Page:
The final word of how things get done comes to slompf, he done a terrific job so far and has a better understanding of the overall design and where it's going.
For example, I see a problem of how a DragCommand would return the desired object since commands return void. (in the samples onDrag returns 'this' but perhaps one would like to return 'this.Name' or something else...). The command parameter could be a struct where you supposed to cast (that's why I prefer events) and fill it up, or initiate the Drag yourself (not very good, a lot could go wrong).
Oct 17, 2013 at 11:01 AM
Yes, the problem of events is especially that they are strongly typed (and not easily bindable).

1) You're not supposed to reference types from your view (ie. TreeViewEx) in the ViewModel. For example in my project I have a single ViewModel which is shared between several views, and one of them is in an assembly that can't reference TreeViewEx. I propose to pass the members of the DragContent object as a Tuple. This is not ideal, but at least it does not require any additional dependency. I'm open to other solutions to avoid using an object that would require a reference to the TreeViewEx assembly, such as maybe a property container / key>value collection.
Referencing the parent would not be a problem, it could just be an additional item to the container used as argument to the commands. However I would recommend that each ViewModel item references its parent itself, but sometimes it's just not possible :)

3) I will explain my idea better with some code snippets, but I just want to answer your last point before (the return value of onDrag). I didn't think of that point but as you said, it could be easy to put the result in a field of the tuple/container of the command. This requires a cast, sure, but that's how many things in the MVVM design already works (bindings, dependency properties, commands...). Not that I like it, but it helps to detach the different layers of the design. As long as the struct is a container provided by mscorlib or any standard assembly, it would be good for me.

So let me just write some snippets of my idea, it could be easier to understand (it's not particularly complicated at all)
I meant to add the following dependency properties in TreeViewExItem:
DependencyProperty DragCommandProperty = DependencyProperty.Register("DragCommand", typeof(ICommand), typeof(TreeViewExItem));
DependencyProperty DropCommandProperty = DependencyProperty.Register("DropCommand", typeof(ICommand), typeof(TreeViewExItem));
DependencyProperty InsertCommandProperty = DependencyProperty.Register("InsertCommand", typeof(ICommand), typeof(TreeViewExItem));
The DragNDropController class can then invoke these commands. For example, CanDrop would do (in a simplified way):
if (item.DropCommand != null)
{
    if (item.DropCommand.CanExecute(Tuple.Create<string, object>(format, data))
        return true;
}
return false;
And OnDrop would do:
item.DropCommand.Execute(Tuple.Create<string, object>(format, data))
Then you can very easily create these commands in your ViewModel and handle them in your item style:
<TreeViewEx.ItemContainerStyle>
  <Style BasedOn="...">
    <Setter Property="DropCommand" Value="{Binding MyDropCommand}/>
  </Style>
</TreeViewEx.ItemContainerStyle>
But as you say, sometimes you just can't afford to modify the item's viewmodel. So I proposed a fallback method to handle drag'n'drop commands, directly in the TreeViewEx itself and in the treeview data context (viewmodel), which should be the container of the item view models. This is purely additional and for the convenience of the user only:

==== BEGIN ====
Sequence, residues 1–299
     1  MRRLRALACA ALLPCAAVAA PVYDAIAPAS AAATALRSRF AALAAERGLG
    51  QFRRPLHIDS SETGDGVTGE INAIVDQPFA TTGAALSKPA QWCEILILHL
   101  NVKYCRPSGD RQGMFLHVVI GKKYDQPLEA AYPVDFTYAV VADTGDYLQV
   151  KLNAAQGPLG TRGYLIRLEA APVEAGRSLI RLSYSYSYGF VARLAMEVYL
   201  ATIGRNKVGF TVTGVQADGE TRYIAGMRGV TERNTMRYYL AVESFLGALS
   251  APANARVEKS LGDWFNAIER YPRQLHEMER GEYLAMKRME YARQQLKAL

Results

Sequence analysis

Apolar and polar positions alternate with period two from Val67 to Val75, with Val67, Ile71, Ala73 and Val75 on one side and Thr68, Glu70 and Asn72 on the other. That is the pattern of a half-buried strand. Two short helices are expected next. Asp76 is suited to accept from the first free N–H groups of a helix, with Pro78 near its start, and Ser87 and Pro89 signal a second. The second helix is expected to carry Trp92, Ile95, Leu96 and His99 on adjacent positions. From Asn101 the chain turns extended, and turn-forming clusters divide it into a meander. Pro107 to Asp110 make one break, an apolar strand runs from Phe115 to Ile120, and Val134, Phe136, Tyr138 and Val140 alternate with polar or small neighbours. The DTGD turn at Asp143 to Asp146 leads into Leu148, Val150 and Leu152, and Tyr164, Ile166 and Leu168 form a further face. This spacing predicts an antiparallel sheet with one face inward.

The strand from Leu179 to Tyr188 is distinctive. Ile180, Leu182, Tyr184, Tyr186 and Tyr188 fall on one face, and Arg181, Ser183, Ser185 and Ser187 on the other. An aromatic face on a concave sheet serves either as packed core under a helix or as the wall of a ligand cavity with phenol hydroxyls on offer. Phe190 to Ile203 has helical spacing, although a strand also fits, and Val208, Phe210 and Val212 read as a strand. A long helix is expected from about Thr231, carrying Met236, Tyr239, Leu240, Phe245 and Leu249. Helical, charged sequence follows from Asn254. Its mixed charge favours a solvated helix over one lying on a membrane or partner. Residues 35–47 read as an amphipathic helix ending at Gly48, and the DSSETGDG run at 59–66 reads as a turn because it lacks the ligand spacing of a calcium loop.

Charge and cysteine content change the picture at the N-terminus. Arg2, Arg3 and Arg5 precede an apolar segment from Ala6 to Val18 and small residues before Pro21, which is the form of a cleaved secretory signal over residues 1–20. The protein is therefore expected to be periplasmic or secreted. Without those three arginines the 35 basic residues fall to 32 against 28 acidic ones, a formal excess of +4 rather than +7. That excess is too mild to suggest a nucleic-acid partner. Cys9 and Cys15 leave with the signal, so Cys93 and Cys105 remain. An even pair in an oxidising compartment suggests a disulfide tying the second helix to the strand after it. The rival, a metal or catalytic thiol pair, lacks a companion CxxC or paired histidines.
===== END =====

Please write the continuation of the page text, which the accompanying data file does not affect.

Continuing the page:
<TreeViewEx DropCommand="{Binding MyDropCommand}"/>
Then the DragNDropController could fallback this way, passing the item viewmodel to a more global command:
if (item.DropCommand != null)
    ...
else if (treeview.DropCommand != null)
{
    if (treeview.DropCommand.CanExecute(Tuple.Create<string, object, object>(format, data, item.DataContext))
        return true;
}
Oct 23, 2013 at 4:11 AM
By the way, if slompf decides to do a event-based system it's not a problem at all, since I can still make my own Behavior to achieve what I want to do. So it's really up to you :)
Coordinator
Oct 25, 2013 at 7:12 AM
Ok, so eventually I've manged to work through your ideas. ;)

I see it as common sense, that commands might be a better idea. Because:
  • They are more easy to bind. The method I use at the moment needs an additional class, which has to be referenced from the treeviewex assembly. Mostly no problem, but maybe sometimes.
  • It is the more convenient way, because everybody knows it.
  • The CanDrop and CanDropFormat function can be merged. The idea was: if the viewmodel cannot work with the data, why should I call GetData? But doing it does not call a very great overhead and it will simplify the interface.
But with the solution given by Benelitz, there are some points we should think of:
  • Tuple is a .Net 4 class. At the moment does not need very much change to compile the project to .Net 3.5. Do we really want to abondon the people beeing bound to 3.5? But we could use some kind of Array or dictionary to provide more data.
  • As found by nkast: OnDrag has an return value. That one would have to be put into an given array. Not very nice.
  • What would be a good objects to add as array content to the command: IDataObject of .Net maybe, DragContent if applicatble, format, Node on global commands. What else?
In general I'd like to focus on fixing the current release (Again many thanks for the massive testing). So everything we decide will be a task for the next release. In order to preapare, we could branch.
Oct 25, 2013 at 9:21 AM
That would be great slompf!

Meanhwile i started experimenting on passing Proxy classes instead of the actuall items. In part because I knew that this would take some time but also to address other issues i am having. So for now, I believe I can work with the current TreeViewEx.